Microsoft SQL Server Business Intelligence System Architecture - Part 2

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In my last tip in this series, I talked about how Business Intelligence (BI) systems have become a priority for top executives in order to optimize resource utilization as well as to remain competitive. I also talked about BI users and how BI relates to Data Warehousing and Business Analytics. In this tip, I am going to take this discussion even further in order to understand how Business Intelligence differs from an organization's OLTP systems, what a typical BI system architecture looks as well as the different components of the Business Intelligence system architecture.


What is OLAP and how does it differ from OLTP?

The OLTP (OnLine Transaction Processing) systems are supposed to track and record transactions in real time and intended to automate the process of clerical data entry or data retrieval for functional areas. It allows to users to add, modify, delete and view data in the OLTP database using the front end user interface. You can learn more about OLTP system at Wikipedia here.

On the other hand, OLAP (OnLine Analytical Processing) systems are core to Business Intelligence systems and are supposed to allow the user to quickly analyze vast amounts of information that has been summarized into multidimensional views and hierarchies. OLAP tools are used to perform trend analysis on the summarized data; for example analysis on aggregated sales and financial information on a yearly basis. OLAP tools enable business users to easily and selectively extract and view data from different point of views or dimensions like time, geography, gender, product, etc. Some of queries which can be answered from OLAP systems, in timely manner, are:

  1. Which region generates highest level of revenue for the organization?
  2. Which store in that particular region is most responsible for the revenue?
  3. What product or product categories contributes most to the revenue?
  4. Which customer segment is using which product or which product is popular amongst which customer group?

You might argue that answers for these kinds of questions can also be ascertained from OLTP databases as well; then why is an OLAP system needed?  Well, you can answer some of theses questions with an OLTP system to some extent, but its not recommended.  Typically these types of queries are based on a large set of data.  Further, it is going to take longer to get the result and these types of queries will negatively impact the performance of the overall OLTP system.  Remember, OLTP systems are meant for transaction processing, which might impact a few records whereas OLAP systems are based on analytical processing, which might impact thousands to millions of records. Keep in mind the BI platform pre-calculates or summarizes the aggregates beforehand, i.e. summation of sales per year, so when you run a query to get total sales per year the query just provides the data from the aggregates and does not need to calculate each value.  But it does not mean, you need OLAP systems for all types of reporting; you can still use OLTP systems for operational reporting.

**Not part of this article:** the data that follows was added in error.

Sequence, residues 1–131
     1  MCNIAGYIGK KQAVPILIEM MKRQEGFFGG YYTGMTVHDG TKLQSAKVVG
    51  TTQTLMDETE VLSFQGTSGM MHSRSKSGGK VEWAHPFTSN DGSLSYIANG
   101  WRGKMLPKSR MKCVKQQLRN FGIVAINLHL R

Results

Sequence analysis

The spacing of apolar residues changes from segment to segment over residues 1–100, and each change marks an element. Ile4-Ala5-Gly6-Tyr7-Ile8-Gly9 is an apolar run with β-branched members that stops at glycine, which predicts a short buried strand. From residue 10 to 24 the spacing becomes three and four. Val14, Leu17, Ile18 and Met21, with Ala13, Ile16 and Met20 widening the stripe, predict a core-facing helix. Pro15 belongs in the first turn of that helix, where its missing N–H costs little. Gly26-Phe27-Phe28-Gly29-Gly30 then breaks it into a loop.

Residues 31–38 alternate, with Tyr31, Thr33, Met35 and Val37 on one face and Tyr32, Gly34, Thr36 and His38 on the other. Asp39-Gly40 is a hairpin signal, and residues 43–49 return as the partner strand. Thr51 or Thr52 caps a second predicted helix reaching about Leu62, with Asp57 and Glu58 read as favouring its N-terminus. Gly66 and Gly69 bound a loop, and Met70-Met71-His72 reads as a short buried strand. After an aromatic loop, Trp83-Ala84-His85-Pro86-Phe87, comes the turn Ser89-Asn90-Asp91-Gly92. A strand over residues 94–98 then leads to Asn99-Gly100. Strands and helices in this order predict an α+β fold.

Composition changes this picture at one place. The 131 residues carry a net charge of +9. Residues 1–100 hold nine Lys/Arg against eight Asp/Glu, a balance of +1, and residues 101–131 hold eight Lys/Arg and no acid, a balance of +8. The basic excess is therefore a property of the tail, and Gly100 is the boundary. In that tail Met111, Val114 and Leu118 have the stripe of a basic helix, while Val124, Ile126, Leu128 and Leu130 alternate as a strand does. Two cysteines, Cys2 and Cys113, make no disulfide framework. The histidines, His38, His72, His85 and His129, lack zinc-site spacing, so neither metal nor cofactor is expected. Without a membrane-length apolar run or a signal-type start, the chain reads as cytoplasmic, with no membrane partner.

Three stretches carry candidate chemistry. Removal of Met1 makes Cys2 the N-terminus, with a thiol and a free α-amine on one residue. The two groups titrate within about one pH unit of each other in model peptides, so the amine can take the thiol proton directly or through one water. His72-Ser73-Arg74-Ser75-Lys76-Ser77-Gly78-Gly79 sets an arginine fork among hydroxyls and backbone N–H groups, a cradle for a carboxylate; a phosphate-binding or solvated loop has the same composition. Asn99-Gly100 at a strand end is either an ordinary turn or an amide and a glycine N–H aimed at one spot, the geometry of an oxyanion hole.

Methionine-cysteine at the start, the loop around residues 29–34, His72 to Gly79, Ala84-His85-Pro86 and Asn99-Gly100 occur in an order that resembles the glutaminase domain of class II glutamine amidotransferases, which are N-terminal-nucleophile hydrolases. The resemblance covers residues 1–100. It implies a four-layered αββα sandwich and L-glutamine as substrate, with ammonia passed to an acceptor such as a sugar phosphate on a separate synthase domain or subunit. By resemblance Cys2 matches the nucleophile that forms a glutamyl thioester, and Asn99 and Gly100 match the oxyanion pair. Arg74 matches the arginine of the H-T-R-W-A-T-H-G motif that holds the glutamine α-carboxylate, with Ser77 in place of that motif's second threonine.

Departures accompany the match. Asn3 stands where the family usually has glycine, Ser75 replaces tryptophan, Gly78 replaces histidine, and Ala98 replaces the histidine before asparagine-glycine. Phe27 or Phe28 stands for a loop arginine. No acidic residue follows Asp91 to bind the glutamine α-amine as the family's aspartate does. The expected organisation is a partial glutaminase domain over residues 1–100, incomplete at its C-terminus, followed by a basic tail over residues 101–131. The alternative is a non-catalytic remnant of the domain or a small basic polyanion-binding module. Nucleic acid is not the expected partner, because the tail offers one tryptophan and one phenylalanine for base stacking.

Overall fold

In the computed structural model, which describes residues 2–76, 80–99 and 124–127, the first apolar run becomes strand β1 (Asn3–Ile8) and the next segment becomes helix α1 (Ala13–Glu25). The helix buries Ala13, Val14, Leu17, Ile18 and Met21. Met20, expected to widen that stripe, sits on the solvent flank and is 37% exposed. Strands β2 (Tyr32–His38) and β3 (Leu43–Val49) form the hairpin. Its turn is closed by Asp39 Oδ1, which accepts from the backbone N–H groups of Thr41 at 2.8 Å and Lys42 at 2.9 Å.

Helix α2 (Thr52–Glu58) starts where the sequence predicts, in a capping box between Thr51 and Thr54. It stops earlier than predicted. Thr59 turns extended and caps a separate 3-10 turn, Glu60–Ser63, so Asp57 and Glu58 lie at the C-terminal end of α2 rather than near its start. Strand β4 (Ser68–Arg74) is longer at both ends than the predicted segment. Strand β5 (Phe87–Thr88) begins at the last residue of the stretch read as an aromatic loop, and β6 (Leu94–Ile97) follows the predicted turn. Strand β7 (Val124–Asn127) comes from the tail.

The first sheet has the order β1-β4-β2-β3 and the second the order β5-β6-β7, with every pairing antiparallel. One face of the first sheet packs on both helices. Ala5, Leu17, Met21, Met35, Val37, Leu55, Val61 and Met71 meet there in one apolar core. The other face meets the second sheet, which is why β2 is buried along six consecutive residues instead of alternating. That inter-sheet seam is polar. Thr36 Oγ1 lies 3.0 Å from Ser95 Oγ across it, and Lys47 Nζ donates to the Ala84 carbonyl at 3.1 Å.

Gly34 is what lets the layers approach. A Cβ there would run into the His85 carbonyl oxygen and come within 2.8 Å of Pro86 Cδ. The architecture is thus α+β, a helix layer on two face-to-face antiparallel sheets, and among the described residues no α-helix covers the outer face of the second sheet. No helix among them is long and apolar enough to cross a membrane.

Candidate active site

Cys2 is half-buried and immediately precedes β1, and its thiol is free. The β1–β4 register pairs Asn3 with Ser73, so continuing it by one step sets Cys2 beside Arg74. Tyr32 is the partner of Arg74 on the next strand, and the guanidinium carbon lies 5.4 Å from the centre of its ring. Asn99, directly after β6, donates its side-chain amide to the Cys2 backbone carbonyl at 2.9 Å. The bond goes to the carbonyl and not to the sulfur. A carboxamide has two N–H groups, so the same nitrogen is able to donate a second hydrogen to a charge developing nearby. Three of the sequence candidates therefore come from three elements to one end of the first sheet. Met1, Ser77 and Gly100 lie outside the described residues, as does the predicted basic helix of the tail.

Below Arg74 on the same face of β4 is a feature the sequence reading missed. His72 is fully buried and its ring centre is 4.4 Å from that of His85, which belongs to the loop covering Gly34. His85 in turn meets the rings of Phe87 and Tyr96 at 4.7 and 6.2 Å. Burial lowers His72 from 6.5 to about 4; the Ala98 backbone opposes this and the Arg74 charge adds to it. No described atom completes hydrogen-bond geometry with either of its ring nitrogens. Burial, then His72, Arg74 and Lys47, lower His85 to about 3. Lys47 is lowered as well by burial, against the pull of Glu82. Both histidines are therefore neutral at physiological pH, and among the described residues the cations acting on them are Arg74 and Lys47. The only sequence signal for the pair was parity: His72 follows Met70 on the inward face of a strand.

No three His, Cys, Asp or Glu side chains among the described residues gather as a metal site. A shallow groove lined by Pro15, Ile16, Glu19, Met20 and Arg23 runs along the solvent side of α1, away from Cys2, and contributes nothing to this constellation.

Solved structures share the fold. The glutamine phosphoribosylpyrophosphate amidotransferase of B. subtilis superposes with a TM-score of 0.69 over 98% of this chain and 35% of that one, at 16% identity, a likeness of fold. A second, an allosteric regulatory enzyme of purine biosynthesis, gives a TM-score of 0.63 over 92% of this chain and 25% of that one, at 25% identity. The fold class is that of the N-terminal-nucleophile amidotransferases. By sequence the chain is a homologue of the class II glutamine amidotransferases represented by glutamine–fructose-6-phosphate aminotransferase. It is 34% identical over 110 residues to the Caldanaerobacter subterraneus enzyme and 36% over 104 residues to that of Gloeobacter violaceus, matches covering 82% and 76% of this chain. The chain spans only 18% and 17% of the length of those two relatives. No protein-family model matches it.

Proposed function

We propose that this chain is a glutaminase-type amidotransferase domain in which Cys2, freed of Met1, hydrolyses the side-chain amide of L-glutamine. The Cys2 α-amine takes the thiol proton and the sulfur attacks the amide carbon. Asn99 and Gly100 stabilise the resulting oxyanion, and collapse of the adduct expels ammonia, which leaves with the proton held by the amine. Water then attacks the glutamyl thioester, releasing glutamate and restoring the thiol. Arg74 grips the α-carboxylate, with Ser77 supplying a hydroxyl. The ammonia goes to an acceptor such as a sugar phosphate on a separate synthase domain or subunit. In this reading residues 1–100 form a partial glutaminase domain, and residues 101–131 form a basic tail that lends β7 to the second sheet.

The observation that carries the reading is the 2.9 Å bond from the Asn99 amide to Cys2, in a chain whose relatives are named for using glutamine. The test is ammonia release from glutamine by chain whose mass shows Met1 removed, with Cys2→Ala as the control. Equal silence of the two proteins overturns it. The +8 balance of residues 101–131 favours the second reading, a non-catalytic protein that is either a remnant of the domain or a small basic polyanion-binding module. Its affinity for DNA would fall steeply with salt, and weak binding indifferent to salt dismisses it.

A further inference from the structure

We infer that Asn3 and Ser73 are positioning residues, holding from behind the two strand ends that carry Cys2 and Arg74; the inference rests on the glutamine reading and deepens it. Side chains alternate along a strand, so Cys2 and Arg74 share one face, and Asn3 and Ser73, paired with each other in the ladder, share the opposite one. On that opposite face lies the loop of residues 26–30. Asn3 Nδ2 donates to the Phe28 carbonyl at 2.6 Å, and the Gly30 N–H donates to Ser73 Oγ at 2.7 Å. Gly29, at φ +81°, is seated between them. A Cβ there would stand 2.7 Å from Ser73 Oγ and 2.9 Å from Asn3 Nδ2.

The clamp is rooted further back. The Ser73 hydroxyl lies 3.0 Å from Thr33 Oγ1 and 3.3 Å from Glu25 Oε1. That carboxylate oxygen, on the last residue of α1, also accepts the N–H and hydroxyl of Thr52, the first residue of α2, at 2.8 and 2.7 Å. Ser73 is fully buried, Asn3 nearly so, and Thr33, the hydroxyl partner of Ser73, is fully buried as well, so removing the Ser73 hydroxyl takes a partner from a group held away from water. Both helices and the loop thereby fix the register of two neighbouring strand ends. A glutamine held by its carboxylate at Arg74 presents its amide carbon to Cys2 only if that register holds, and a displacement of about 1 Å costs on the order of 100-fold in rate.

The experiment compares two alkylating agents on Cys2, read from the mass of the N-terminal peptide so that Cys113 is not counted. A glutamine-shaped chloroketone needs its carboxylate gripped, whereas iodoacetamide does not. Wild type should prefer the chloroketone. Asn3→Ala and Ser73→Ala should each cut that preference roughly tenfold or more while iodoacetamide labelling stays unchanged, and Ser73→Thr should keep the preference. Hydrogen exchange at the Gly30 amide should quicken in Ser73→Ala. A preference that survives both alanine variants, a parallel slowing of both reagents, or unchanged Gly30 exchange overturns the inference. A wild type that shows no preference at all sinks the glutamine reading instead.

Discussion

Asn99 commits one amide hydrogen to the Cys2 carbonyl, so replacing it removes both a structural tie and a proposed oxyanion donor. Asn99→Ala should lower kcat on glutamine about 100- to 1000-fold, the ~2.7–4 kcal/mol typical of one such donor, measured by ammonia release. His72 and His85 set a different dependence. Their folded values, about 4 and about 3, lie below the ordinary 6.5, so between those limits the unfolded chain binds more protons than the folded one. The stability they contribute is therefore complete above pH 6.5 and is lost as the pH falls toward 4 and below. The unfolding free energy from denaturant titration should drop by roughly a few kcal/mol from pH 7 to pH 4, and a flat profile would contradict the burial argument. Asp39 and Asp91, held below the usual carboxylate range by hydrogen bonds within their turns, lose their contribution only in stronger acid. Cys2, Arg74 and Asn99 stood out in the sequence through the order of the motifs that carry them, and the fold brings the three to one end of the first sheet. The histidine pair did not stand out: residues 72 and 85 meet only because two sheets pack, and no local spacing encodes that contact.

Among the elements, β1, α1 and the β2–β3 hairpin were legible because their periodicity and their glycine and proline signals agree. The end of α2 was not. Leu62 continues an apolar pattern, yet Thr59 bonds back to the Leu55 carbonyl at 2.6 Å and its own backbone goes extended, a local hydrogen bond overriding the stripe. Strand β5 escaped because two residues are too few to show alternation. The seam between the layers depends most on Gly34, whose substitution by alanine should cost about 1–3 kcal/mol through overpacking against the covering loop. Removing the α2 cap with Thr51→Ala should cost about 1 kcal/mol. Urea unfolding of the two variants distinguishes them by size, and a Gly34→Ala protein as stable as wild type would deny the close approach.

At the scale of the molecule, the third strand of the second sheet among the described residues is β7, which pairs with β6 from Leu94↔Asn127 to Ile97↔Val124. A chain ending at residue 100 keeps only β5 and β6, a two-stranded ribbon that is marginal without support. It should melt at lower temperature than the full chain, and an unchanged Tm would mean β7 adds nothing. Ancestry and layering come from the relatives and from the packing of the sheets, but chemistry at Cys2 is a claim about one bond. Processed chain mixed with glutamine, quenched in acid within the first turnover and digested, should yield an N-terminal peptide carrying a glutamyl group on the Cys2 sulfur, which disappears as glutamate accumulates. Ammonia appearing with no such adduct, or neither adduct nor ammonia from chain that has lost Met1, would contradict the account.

A typical Business Intelligence System Architecture based on the Microsoft SQL Server and Business Intelligence Platform

When we talk about designing a Business Intelligence System, there are certain components which need to be planned, designed and developed as you can see below:

A typical Business Intelligence System Architecture based on Microsoft SQL Server and BI platform

Data Integration or ETL (Extract, Transform and Load) Pipeline

An organization might have one or more different types of applications catering to the needs of the organization's functions. When we talk about designing and developing a Data Warehouse as part of the Business Intelligence System, we need to define the strategies for data acquisition from all the these source systems (or based on the customer requirements) and integrate it into a data warehouse (I will talk in more detail about different design methodologies for data warehouses in my next tip), this is required for doing analysis on complete organizational data and for doing cross functional analysis.

Your Business Intelligence System can leverage SSIS (SQL Server Integration Services), a component of the SQL Server platform, for data integration into the data warehouse. SSIS provides the ability to have a consistent and centralized view of data from different source systems and helps to ensure data confidence through integration, cleansing, profiling and management. SSIS features a fast and flexible ETL (Extraction, Transformation and Loading) framework and has in memory transformation capabilities for extremely fast data integration scenarios. SSIS has several built-in components to connect to standard heterogeneous data sources (RDBMS, FTP, Web Services, XML, CSV, EXCEL, etc.), along with a rich set of transformation components for data integration. SSIS also includes DQS (Data Quality Services) for data cleansing, matching and profiling. You can learn more about Data Quality Services here. MDS is another component in SQL Server which provides Master Data Management platform for managing organizational master data centrally, click here for more details.